The background of the $600 and $200 benefits

The COVID-19 pandemic has already affected most of us - some of us severely. While social distancing, self-isolation, and travel restrictions inevitably changed our daily social life, the economic burden of the crisis is particularly critical. Government actions that aim to contain the contagion unavoidably have economic implications: disruptions in business relations and the general fall in spending led to a sharp drop in employment.

The reaction to this exceptional situation couldn't wait long. Policymakers introduced a $2.2 trillion economic relief package in late March, in the form of the Coronavirus Aid, Response and Economic Security (CARES) Act. The package incorporates a range of policy measures designed to restore the economy and ease families' hardships caused by COVID-19. Some of these actions, namely PPP and EIDL, targeted small businesses to help them withstand temporary financial difficulties, with added incentives meant to prevent laid offs and salary cuts.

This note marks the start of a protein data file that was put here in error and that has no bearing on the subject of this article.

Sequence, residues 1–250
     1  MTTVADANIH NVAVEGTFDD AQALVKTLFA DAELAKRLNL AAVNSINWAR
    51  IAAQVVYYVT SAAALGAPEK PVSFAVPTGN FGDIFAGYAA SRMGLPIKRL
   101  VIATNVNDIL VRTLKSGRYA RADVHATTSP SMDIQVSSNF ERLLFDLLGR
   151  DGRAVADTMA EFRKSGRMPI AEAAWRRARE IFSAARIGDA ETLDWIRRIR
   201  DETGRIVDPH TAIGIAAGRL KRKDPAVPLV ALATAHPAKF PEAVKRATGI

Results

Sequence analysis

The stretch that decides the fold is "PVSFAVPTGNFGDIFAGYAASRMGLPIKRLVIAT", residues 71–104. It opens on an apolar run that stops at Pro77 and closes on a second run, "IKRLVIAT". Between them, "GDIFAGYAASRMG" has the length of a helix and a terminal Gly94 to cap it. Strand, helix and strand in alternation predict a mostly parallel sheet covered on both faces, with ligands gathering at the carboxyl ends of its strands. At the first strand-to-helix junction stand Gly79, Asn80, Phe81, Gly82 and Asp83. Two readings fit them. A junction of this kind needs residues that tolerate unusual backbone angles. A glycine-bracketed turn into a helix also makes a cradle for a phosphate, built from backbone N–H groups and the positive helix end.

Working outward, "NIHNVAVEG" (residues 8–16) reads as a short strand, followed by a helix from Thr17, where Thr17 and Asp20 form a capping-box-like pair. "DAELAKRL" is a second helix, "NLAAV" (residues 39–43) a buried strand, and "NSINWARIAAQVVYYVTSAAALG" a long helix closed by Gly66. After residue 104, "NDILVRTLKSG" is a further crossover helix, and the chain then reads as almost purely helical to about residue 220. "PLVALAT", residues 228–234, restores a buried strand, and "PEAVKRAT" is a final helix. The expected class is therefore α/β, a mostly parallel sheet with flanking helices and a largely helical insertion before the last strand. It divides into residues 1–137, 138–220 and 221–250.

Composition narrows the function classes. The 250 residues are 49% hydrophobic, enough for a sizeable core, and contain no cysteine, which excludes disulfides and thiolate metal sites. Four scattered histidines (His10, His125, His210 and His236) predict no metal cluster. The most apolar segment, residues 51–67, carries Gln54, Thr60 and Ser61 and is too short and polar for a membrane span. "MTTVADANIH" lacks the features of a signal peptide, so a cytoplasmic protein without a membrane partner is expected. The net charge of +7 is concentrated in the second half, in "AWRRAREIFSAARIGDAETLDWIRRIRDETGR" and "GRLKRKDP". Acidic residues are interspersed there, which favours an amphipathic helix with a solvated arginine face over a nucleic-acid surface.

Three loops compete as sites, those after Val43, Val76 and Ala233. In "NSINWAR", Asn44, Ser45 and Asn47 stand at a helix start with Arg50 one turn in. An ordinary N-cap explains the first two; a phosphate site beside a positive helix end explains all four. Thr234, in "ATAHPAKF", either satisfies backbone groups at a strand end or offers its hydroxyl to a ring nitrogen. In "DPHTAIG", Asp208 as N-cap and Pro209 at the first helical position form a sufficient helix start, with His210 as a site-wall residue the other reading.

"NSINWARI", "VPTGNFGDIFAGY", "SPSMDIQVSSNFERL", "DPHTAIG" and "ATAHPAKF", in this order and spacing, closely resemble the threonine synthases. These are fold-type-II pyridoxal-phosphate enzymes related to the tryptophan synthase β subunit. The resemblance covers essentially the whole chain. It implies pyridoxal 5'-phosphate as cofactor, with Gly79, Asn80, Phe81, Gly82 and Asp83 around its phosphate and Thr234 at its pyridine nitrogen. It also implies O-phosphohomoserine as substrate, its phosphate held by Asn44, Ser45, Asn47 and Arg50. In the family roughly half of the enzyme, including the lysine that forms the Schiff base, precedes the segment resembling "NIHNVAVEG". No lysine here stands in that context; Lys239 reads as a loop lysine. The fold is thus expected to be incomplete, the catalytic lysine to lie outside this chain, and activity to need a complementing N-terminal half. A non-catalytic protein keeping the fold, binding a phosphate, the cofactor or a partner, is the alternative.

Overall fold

Another channel of the stimulus took a more direct form to cope with the extraordinary surge in unemployment. It was the launch of a supplemental $600 weekly benefit to those receiving unemployment insurance. The exceptional provision, however, is set to expire at the end of July. The Health and Economic Recovery Omnibus Emergency Solutions (HEROES) Act proposed to extend the $600 benefit until December 31, 2020. Since this would have provided many people with higher wages than when they were employed, it was criticized as potentially discouraging people from going back to work (although this is a subject of debate). The proposed 'HEALS Act' provides a middle ground between the CARES Act and the HEROES Act by providing $200 extra per week until the last full week before October 5, 2020, and up to $500 (capped at 70% wage coverage) until December 31, 2020.

What's new about the 'HEALS' Act?

The proposed $1-trillion 'HEALS' Act would notably issue a second one-time stimulus to individuals and families, and would maintain and extend the CARES Act's provisions for unemployment compensation as well.

A brief summary of unemployment benefit programs from CARES and HEALS: